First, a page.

Mesenteric Ischemia

Michael N. Tameo, M.D.
Ronald L. Nath, M.D. , F.A.C.S.

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Mesenteric ischemia refers to the lack of blood flow to one or more of the mesenteric arteries (arteries that supply the intestines) causing pain and possibly placing the affected portion of the intestine in jeopardy of dying. The cause is often sudden thrombosis (occlusion from blood clot formation) at a chronic stenosis (narrowing) that develops from progressively worsening atherosclerotic (cholesterol) plaque build-up within that artery.

Other possible causes are embolization and dissection. Embolization is when thrombus (blood clot) or plaque from higher up in the aorta or heart breaks loose and lodges itself into a mesenteric artery further downstream. Dissection is when the inner wall of an artery tears and blood flows between 2 layers of the artery wall in 2 lumens (channels) known as the ‘false’ lumen (newly created channel within the wall of the artery), and the ‘true’ lumen (the proper lumen that has always existed). The ‘false’ lumen can often cause collapse and occlusion of the ‘true’ lumen and thus lack of blood flow to the associated portion of the intestine. One final cause may be chronic stenosis itself, which causes only limited blood flow to the intestines and a more chronic form of the condition.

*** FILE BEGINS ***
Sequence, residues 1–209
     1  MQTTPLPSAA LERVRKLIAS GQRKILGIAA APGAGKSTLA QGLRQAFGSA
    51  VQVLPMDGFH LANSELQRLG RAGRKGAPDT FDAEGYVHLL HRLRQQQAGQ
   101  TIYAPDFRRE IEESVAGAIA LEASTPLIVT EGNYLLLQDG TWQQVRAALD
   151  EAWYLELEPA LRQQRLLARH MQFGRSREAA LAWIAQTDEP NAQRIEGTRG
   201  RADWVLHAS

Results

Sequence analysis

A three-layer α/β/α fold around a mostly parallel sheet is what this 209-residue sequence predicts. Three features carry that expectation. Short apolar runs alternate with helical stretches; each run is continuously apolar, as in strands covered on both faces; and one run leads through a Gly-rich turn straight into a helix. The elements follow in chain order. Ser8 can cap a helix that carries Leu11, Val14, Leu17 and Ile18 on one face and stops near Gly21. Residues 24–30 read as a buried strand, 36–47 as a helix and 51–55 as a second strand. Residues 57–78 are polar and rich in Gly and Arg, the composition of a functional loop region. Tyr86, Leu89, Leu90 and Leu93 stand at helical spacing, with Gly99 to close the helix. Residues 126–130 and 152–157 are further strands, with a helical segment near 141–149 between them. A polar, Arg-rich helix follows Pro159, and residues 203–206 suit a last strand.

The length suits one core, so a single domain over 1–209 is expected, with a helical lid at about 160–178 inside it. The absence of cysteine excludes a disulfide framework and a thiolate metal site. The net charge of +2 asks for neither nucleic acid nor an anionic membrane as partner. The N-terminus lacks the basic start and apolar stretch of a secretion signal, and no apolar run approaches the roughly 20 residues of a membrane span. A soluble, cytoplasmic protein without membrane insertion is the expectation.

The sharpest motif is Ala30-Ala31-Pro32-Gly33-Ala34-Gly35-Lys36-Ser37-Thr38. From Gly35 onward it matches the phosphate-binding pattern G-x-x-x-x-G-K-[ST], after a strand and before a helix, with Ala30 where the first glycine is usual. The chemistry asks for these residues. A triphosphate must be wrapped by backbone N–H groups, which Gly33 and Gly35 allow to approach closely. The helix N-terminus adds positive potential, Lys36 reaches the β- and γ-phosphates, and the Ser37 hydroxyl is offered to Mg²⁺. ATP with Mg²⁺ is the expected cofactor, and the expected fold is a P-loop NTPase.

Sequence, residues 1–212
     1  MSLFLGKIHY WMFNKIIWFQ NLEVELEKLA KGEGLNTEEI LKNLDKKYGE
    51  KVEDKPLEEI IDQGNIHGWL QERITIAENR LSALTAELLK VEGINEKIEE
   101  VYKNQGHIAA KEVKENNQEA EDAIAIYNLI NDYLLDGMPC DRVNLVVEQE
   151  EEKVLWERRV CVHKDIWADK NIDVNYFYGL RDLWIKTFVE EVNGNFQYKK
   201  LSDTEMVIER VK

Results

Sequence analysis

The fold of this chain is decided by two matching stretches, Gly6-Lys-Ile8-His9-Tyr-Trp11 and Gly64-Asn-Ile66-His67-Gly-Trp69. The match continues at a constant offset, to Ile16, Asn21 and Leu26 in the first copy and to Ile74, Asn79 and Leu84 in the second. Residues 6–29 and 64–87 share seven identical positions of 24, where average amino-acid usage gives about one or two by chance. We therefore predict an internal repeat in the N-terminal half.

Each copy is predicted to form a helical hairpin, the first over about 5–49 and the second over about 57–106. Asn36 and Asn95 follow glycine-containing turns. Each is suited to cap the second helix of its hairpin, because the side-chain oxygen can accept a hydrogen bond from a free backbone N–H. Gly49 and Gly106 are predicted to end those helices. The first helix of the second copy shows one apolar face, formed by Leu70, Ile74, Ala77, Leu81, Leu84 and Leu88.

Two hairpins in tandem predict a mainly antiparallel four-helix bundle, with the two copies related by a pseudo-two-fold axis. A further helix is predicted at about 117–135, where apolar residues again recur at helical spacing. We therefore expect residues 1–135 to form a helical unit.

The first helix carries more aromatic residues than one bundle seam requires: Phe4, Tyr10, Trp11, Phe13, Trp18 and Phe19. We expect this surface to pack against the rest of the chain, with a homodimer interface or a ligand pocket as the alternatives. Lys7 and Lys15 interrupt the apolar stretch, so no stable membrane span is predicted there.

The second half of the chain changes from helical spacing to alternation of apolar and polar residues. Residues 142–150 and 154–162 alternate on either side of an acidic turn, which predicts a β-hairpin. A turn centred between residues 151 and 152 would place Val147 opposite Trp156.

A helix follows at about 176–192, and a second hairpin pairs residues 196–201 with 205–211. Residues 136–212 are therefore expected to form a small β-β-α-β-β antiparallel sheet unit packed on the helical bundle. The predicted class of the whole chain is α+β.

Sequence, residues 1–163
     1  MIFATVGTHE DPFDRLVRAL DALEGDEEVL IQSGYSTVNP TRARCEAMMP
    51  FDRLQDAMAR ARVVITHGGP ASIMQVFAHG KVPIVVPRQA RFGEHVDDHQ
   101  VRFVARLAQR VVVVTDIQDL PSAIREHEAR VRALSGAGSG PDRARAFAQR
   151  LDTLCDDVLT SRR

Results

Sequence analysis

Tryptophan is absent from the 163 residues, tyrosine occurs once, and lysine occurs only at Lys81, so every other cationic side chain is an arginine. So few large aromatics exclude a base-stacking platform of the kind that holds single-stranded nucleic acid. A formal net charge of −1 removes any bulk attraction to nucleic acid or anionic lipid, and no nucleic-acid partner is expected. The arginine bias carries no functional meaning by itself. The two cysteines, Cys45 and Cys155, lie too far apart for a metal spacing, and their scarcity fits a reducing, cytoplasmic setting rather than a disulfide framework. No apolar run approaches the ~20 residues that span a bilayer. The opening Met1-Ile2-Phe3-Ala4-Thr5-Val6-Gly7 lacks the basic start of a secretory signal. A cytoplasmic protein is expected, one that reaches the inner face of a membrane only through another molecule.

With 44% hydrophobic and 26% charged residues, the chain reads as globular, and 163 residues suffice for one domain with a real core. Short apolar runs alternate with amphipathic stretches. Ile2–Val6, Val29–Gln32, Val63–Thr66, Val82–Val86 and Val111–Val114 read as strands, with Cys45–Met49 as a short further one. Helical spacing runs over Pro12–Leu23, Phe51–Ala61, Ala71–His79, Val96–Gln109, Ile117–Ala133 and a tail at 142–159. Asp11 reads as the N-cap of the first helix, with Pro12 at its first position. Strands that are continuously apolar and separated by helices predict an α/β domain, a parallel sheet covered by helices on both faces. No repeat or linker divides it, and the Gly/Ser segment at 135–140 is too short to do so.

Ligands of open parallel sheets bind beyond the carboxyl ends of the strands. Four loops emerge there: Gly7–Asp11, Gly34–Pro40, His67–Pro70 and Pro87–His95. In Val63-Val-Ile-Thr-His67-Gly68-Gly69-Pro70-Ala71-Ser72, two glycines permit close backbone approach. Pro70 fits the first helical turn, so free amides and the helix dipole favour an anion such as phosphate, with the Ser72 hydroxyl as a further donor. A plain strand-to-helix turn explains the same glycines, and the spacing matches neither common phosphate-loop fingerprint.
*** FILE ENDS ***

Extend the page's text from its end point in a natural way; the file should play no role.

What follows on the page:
The symptoms that can occur with mesenteric ischemia include sudden and severe abdominal pain, which is usually associated with acute thrombosis of chronic stenosis/disease, embolization, or dissection, and abdominal pain after eating that leads to weight loss, which is usually associated with chronic stenosis/disease.

Complications from mesenteric ischemia include severe weight loss from avoidance of eating due to the associated pain, and infarction (injury or death) of the affected intestine, which often requires surgery to remove that portion of the intestine.

Diagnosis of mesenteric ischemia requires a thorough history and physical exam by a vascular surgeon and an imaging study such as a computed tomography (CT) scan, magnetic resonance imaging (MRI) study, or arteriogram (injection of contrast dye into the arteries).

Treatment of mesenteric ischemia requires a procedure, sometimes emergent, to restore blood flow to the affected portion of the intestine. This may include a minimally invasive (endovascular) treatment with thrombolysis (removal of thrombus with medicine through a catheter), thrombectomy (mechanical disruption and removal of thrombus through a catheter), and possibly also balloon angioplasty and/or stenting. If the patient or circumstances do not allow for this technique, then it requires open surgical removal of thrombus or embolus and subsequent open surgical treatment of the cause.